You might find when you start up in business that some of your friends and family are asking for discounts.
They kind of like what you do, they want to support you by using you but they may not be so keen to pay the full price and ask for some what we call mates rates or a friends and family discount.
What should you do, what should you say, should you offer a friends and family discount, if you should how much should you offer?
These are all questions that people ask me all the time.
So first of all it is really natural to want to support each other, to want to support friends, to want to support our families when they go into business and I myself or have had family members who have become clients of mine but I don’t offer them a friends-and-family discount.
They pay the price that anybody else pays and let me speak about why because this is actually really an individual choice.
You need to do what’s good for you, it’s your business.
There is not really a right or wrong answer here but there are some boundaries to put in place if you decide to work with your friends and family because e the other option is that you say no I don’t work with friends and family.
That is an option for you too because it’s your business and you get to decide how you operate.
You get to decide the rules because it’s your business.
So first off, do you want to serve friends and family, you may not, the answer might just be straight off, sorry I don’t work with friends and family however I can recommend and you can pass them on to somebody else.
If you think yes, actually I’m happy to serve friends and family, that’s not a problem for me, I might enjoy that then it is the point where you say, okay am I going to be offering them a discount or not.
The problem when you offer a discount can be that boundaries start getting eroded.
So for example, particularly if you’re offering your time and particularly if your time is your service and your product then if you start discounting that, your friends and family might think, well, it doesn’t cost them anything and they kind of devalue what you’re providing which means that they may not implement or get the value that we need to from your service that you’re offering.
They may view it a nothing-ness because you are not spending money on it, you’re spending time and that can create problems with the relationship.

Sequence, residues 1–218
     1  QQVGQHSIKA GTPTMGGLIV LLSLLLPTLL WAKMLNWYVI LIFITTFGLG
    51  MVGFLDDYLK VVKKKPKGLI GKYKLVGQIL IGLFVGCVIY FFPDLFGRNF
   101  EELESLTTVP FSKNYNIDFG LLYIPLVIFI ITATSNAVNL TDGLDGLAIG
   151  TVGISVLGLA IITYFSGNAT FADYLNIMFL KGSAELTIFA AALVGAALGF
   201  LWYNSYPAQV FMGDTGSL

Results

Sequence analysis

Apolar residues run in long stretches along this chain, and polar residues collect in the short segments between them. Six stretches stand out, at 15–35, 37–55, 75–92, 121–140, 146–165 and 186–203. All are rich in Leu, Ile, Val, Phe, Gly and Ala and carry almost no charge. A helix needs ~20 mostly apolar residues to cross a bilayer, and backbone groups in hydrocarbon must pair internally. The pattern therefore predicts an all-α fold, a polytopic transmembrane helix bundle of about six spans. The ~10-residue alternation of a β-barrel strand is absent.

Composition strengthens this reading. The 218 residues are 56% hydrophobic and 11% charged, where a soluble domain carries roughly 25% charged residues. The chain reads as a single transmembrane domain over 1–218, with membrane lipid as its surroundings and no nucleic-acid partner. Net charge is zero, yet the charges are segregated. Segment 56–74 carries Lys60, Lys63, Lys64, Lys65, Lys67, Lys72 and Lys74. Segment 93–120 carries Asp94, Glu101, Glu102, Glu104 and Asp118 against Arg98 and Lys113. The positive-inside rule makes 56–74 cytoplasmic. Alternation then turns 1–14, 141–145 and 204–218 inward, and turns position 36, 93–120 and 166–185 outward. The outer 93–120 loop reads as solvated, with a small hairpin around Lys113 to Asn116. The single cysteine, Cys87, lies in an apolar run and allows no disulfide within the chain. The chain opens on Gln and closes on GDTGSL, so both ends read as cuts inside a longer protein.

The other thing to think about is that some of your friends and family might not actually be your ideal clients.
You may not be able to help them in the way that you want and the way that you’re able to with your ideal client.
That can cause issues in terms of the service that you’re delivering them therefore the experience they have but also the way you feel in delivering that too because if you’re not delivering at the highest level for your client that might start making you question things that you don’t need to be questioning at all.
The other issue is that they can feel like they’re not proper clients because they’re not paying as much as everyone else.
That means things like your responsiveness time to them may not be the same.
It may mean in your methods of communication with them are not the same as they would be with normal clients.
So for example, if you’re working with friends and family, they might be WhatsApp-ing you and that kind of thing whereas you may not operate that way with your paying clients to establish personal and professional boundaries.
Now if you start blurring the lines for your friends and family, it can be really stressful on you because they’re contacting you by any means however at any time of the day because they’re your friends and family and things can get muddied up. So you can be having you know a conversation about meeting for dinner and then it’s like oh and how is this project for me going and that can get really confusing and a bit messy at times as well.
So that’s something to think about that if you are going to work with friends and family, you want to enforce the normal boundaries that you’d have with normal paying clients into that relationship as well where it needs to be sorted out, where that professional relationship is happening and that needs to be sorted out.
Make sure that they are being treated like proper clients even if you are offering the hefty discount, make sure they are still being treated like proper clients using systems and processes that you would would put in place for a normal, standard, paying client and the other thing to do to kind of make this feel good for yourself is that when you invoice them at the end of the work that you’ve done, issue them an invoice for the full amount and then show the discount on there because that just makes it clear to everybody the value they’re already given despite not paying in full for that value, they can see that actually this is what you would have charged anybody else and that can be really important both for the professional relationship between you and the personal relationship between you as well.
The ultimate thing that it comes down to is it is up to you whether you serve your friends and family at all.
You can have a, no I don’t serve friends and family policy but more importantly, if you choose to serve them, make sure you have the same boundaries in place that you’d have for any customer or client because otherwise both of you are going to feel a bit shortchange and you don’t want to jeopardise the relationship, the personal relationship you have for this as well.